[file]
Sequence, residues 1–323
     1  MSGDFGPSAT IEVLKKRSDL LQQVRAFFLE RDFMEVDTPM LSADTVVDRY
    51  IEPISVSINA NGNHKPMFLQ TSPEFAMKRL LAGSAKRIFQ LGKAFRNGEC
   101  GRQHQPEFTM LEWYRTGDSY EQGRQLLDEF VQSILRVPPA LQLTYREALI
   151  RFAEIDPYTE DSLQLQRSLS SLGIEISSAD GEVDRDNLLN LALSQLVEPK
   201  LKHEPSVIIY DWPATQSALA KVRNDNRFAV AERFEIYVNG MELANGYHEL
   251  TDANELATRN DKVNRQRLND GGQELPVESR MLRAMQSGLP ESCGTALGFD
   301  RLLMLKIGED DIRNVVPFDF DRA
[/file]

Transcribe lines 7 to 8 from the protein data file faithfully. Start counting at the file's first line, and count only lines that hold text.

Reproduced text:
   251  TDANELATRN DKVNRQRLND GGQELPVESR MLRAMQSGLP ESCGTALGFD
   301  RLLMLKIGED DIRNVVPFDF DRA